We are approaching one of the best fishing times of the year! The air and water will be cooling and the trout and landlocked salmon will start their pre-spawn movement and/or positions into the rivers very soon. One, if not the main, motivating factor of trout in Maine starting their fall behavior is water temperature. The combination of good water levels and cooler water are the ideal duo. However, it has been found that even if a push of water gets the fish to enter the river, if the water temperature is not to their liking, it's probable they will recede back to the lake/pond/deep water holding lie until the water indeed cools down further. Key water temps for trout spawning activity will be at or around 55F. Pre-spawn behavior will begin before this...
Some say that trout do not feed in the fall. I think that's a pretty generalized statement. It's likely that's solely considering trout during the actual spawning ritual and not necessarily during their pre-spawn or early fall behavior. I've seen many cases where fish, even during their pre-spawn activities, are less focused on food and more on staging. It's a fairly common behavior, especially of brook trout, to actually "move" intruding smaller fish out of its area by physically pushing them or even inhaling them them, swimming off, and spitting them out. This is simply a "get out of my area" tactic. But even then they will take a streamer, nymph, or dry fly. So the additional theory that trout only take flies out of aggression in the fall I think is also ill-founded. There is clearly no question trout and salmon get territorial, but there's not much "aggression" in sipping a #18 BWO off the surface. This is a factor that I think makes fall fishing so exciting. You aren't necessarily fishing to hungry and energetic trout and salmon that have been sitting under ice for months, but are more so trying to tap into the behavior/mental state of the fish.
Here is a list of 5 flies that I would highly recommend fly fishing anglers have in their fly box this coming fall:
1. Mickey Finn
(tied by Joe Webster)
The Mickey Finn is an old New England staple. The fly was originally just called the Yellow and Red Bucktail streamer, but was later changed to the Mickey Finn in relation to film star Rudolph Valentino who was killed by the drug mickey finn. This is a classic example of an "attractor pattern" - not necessarily imitating anything specific, but simply good at getting a fish's attention. I find this fly to be most effective when fished on a swing. It can also be a great smallmouth bass pattern in the spring!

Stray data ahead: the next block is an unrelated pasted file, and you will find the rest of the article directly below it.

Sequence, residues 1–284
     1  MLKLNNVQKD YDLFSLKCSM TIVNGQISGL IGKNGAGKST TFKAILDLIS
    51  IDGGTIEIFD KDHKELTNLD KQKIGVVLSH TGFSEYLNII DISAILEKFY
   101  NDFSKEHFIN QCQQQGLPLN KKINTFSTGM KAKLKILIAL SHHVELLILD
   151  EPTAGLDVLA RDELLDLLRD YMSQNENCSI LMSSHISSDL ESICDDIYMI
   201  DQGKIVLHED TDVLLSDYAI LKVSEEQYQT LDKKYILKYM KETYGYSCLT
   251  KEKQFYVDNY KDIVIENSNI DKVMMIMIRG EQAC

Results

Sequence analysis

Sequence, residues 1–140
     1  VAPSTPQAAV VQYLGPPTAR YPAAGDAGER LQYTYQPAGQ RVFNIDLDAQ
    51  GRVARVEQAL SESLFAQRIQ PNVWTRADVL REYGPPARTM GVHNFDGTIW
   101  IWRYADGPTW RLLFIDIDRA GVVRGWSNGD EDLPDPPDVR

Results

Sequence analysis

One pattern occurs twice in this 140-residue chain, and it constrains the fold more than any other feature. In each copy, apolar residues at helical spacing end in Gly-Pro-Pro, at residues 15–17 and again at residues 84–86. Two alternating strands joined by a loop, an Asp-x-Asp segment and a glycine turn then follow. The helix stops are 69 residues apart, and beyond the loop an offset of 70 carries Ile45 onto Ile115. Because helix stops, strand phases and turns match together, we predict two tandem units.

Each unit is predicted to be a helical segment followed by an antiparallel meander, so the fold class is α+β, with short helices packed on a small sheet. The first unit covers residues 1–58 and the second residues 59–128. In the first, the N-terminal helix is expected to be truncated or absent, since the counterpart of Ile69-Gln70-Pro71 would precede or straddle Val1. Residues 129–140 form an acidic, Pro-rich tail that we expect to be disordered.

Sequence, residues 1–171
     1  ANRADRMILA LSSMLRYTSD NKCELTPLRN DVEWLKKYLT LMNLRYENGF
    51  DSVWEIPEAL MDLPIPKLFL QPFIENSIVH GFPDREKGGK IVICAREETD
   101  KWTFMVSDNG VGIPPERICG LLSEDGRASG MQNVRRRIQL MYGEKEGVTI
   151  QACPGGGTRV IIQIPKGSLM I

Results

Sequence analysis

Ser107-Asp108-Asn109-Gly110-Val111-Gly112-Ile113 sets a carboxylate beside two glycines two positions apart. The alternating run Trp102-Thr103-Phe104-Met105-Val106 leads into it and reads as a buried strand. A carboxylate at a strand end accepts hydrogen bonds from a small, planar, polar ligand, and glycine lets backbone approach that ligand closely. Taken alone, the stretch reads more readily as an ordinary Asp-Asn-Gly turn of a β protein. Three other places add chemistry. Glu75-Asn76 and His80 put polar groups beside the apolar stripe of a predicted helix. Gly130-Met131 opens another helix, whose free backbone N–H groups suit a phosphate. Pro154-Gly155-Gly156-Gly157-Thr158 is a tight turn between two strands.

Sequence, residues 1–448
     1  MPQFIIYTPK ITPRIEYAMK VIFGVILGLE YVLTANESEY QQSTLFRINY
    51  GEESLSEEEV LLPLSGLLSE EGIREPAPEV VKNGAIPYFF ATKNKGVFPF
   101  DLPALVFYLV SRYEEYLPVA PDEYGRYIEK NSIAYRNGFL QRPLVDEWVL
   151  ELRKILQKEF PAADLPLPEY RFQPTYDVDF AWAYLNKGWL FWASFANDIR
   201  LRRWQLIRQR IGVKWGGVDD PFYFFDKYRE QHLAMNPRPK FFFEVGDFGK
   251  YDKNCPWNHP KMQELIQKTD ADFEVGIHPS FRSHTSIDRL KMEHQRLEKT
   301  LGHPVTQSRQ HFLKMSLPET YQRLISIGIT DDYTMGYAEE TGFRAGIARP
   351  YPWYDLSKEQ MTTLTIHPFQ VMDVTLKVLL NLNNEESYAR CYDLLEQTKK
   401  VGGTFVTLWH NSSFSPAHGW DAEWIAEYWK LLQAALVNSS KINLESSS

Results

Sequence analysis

This is a pattern that I have come to fish often, almost all times of the year. However, when the fall approaches and we get hatches of small Blue Winged Olives, especially on gray & rainy days, this fly can really do well. Originally tied by Rim Chung, I believe its original intent was to be fished just below the surface as an emerger. But what I think makes this pattern so useful is that I have found success also fishing this fly right along the bottom as well. It's the CDC that really makes it stand out - giving it great vertical movement by trapping air bubbles in the material. Go small with this pattern...Don't be afraid of tying on a #20.
3. October Caddis
As the name implies, this is a caddis imitation most plentiful in the fall months. Sharing similar aesthetic characteristics of natural autumn colors in the trees, these sedges during the fall months tend to be larger. Although there are many "October Caddis" patterns out there, the one pictured here is simply an orange-body elk hair caddis - which works great here in Maine. The hatches tend to happen overnight or early morning/evening. Also, working variations of emergers and nymphs can also be productive, but I have found most success actually with dry flies (not the usual here in Maine!). Because of the larger size, orange Stimulators can also be a great option. Also, since you are using larger and more buoyant dry flies, take this opportunity to tie on a dropper off the back!
4. Copper John
Developed in the 90's by John Barr in Colorado, the Copper John has become just as popular here in Maine and New England as it has out west. In my opinion, there are three specific characteristics of this fly that make it stand out: its great shape and profile which is a spot on imitation of a mayfly, the wing encasement which gives off an airy/glowy look which is prevalent with emergers and nymphs, and lastly its weight which gets the fly down quickly. In similar fashion to the RS2 mentioned above, I tend to fish smaller sizes of these in the fall. They are just as good fished off the back of a dry fly as they are dredged along the bottom of a nymph rig. The Copper John is tied in almost every possible color from zebra to wine and pink. I would certainly tie up some of the original colored versions, but don't be afraid to experiment a little!
5. Montreal Whore
(tied by: Josh Thelin)
For those of us who are streamer-junkies here in Maine, the Montreal Whore is one of the most popular "traditional styled" streamer patterns around. Its history is a little muddled, as I believe it was originated by Lenny Loiselle. But my own personal knowledge of this fly and its popularity in Maine comes from Dan Legere. The construction of this fly is a combination of marabou and bucktail for the wing - red and blue bucktail is mixed and tied under white marabou. Some will fish this streamer all season, but I have found it is most effective during the fall. It tends to incite those aggressive/territorial strikes from brook trout and landlocked salmon.
Photos + Words by: Josh Thelin